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For Jeanne and Scott: why upgrade?

 
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I upgraded to Java 8 a couple of years ago,
Why should I upgrade to 11 if 14 will be available in a year (probably)?
Are there no big features for 12-14 like modules?

Another question, I used your book (among other sources) to prepare for the Java 8 upgrade exam.
How do you know if the questions you put in your books are too close to the ones that appear on the exam?
Do you get some kind of OK from Oracle?
I found that at least some questions were too close to the ones I got asked, for example, the same class design was used to ask different questions.


 
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Well, first, you should learn about LTS releases (covered in our book).  Java 11 is an LTS release, with the next LTS release being Java 17.  The schedule is non-LTS releases every 6 months and LTS releases every 3 years.  For businesses or systems where stability is paramount and upgrading every 6 months isn't feasible, you should probably stick to LTS releases.  For example, Oracle doesn't release updates for Java 12 now that 13 is out, but they do continue to release updates for 11 (provided you have a support relationship with them).   If you were a business using Java 12, you would have to upgrade.  (Note:  there are *a lot* of exceptions to this rule, as you can be using OpenJDK for example).

Back to your question and why this relates to certifications... Oracle appears to be only releasing certs for the LTS releases, so the next certification will likely be 17, not 14.

For questions, we spend a great deal of time discussing what topics should be in the book do our best to never ask a question we've seen on the exam.  While we want our readers to pass, we want them to learn the material, not the test.  That said, if we see a topic on the exam, we do need to cover it in our books so you might see some similar questions, especially if the topic is incredibly thin.  Oftentimes, we try to slip those questions in other questions.  For example, the question might appear to be about concurrency when in fact its about a final modifier.
 
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Javier Benjamin wrote:I found that at least some questions were too close to the ones I got asked, for example, the same class design was used to ask different questions.


For some topics, there are only so many ways to ask the same concept. We do write our questions ourselves.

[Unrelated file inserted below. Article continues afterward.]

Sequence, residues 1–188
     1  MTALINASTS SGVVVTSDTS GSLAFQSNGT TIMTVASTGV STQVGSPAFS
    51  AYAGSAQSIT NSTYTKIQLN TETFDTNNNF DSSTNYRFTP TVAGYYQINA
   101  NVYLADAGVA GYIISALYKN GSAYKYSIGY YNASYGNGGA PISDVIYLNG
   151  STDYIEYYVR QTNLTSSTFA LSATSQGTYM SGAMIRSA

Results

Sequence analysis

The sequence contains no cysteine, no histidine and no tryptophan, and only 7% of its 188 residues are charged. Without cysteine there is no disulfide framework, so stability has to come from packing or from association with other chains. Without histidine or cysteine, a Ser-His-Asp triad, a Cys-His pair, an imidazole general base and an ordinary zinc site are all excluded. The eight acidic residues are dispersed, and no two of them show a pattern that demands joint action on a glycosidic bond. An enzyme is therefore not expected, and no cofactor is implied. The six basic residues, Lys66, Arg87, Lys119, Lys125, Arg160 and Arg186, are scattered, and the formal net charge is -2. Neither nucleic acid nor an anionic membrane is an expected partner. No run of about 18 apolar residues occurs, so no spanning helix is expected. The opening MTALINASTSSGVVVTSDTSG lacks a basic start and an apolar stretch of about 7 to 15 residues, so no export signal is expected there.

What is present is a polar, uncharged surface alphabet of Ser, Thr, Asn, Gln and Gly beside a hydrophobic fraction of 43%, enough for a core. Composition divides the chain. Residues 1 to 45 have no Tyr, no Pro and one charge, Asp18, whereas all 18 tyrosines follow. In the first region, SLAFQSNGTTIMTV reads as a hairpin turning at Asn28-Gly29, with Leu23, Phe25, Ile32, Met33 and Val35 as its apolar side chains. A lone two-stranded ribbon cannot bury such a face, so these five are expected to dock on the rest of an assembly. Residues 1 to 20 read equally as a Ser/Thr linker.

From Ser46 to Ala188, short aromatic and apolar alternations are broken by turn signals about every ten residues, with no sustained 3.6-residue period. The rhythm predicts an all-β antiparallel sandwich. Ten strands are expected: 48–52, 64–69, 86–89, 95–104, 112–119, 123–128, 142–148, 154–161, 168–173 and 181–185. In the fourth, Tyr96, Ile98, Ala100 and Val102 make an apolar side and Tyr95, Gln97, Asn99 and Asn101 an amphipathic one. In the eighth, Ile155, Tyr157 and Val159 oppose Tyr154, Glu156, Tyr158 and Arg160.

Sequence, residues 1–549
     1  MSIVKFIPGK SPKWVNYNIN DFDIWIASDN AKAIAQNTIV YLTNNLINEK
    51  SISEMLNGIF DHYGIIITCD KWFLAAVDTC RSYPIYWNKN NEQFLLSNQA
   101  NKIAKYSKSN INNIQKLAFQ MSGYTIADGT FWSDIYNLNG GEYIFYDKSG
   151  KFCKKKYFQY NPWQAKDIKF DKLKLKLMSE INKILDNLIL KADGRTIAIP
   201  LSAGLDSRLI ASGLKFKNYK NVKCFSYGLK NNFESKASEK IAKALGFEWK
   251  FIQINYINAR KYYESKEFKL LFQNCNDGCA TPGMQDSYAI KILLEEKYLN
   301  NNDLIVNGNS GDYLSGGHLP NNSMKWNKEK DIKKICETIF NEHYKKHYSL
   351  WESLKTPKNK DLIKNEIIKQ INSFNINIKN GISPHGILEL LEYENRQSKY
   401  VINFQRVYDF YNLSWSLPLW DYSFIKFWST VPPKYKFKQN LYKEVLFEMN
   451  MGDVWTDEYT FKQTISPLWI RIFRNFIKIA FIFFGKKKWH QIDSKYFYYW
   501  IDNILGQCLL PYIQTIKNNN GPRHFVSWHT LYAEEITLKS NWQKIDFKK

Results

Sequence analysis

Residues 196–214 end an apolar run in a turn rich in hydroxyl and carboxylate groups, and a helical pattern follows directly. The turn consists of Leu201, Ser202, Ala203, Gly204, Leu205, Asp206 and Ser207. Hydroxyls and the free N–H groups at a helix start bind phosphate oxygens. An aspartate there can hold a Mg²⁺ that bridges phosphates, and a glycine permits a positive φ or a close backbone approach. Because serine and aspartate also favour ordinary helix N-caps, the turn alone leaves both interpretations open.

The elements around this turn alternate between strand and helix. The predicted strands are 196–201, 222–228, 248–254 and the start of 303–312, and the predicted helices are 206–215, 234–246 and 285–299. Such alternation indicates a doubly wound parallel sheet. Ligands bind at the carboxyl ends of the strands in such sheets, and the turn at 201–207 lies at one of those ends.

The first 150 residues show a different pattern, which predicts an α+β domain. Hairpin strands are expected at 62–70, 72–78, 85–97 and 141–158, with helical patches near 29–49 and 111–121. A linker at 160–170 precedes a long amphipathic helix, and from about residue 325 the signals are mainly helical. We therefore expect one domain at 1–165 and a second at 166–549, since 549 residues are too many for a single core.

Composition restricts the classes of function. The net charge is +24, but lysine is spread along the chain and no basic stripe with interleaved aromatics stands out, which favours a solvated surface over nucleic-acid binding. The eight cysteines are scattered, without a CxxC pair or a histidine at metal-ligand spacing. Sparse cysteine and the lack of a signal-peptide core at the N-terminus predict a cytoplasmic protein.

Javier Benjamin
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Ooops, I thought LTS releases were one out of every 3 (8-11-14 ...). Thanks for clarifying this!
Not to justify myself but Oracle is not doing a good job being clear about releases (cadence, free or not and how/when ...).


 
Jeanne Boyarsky
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Javier Benjamin wrote:Not to justify myself but Oracle is not doing a good job being clear about releases (cadence, free or not and how/when ...).


I agree. I've given a talk at a number of user groups and conferences on the topic. I make a point of saying that I'm not affiliated with any of the vendors. I'm just trying to communicate the info
 
Scott Selikoff
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Jeanne Boyarsky wrote:

Javier Benjamin wrote:Not to justify myself but Oracle is not doing a good job being clear about releases (cadence, free or not and how/when ...).


I agree. I've given a talk at a number of user groups and conferences on the topic. I make a point of saying that I'm not affiliated with any of the vendors. I'm just trying to communicate the info



I think it took me 3-4 attempts to fully understand it.  While Oracle says "Java is still free", there's a long list of exceptions/conditions on that.  For example, if you don't mind updating versions of Java every 6 months in project, then yes, it's free.  If you want to stick with one version for awhile, you either need to pay Oracle, pay a third party vendor, or use the OpenJDK version.  It's not all bad, though, as different providers offer various performance improvements and tuning, more than you might get with the standard JDK.

I think my biggest problem is that it takes me 15-25 minutes to fully explain Java's support/license structure.  If you can't explain it in 30 seconds, then there's probably something nefarious going.... aka, I don't think it's a secret Oracle would love for everyone to purchase support licenses.
 
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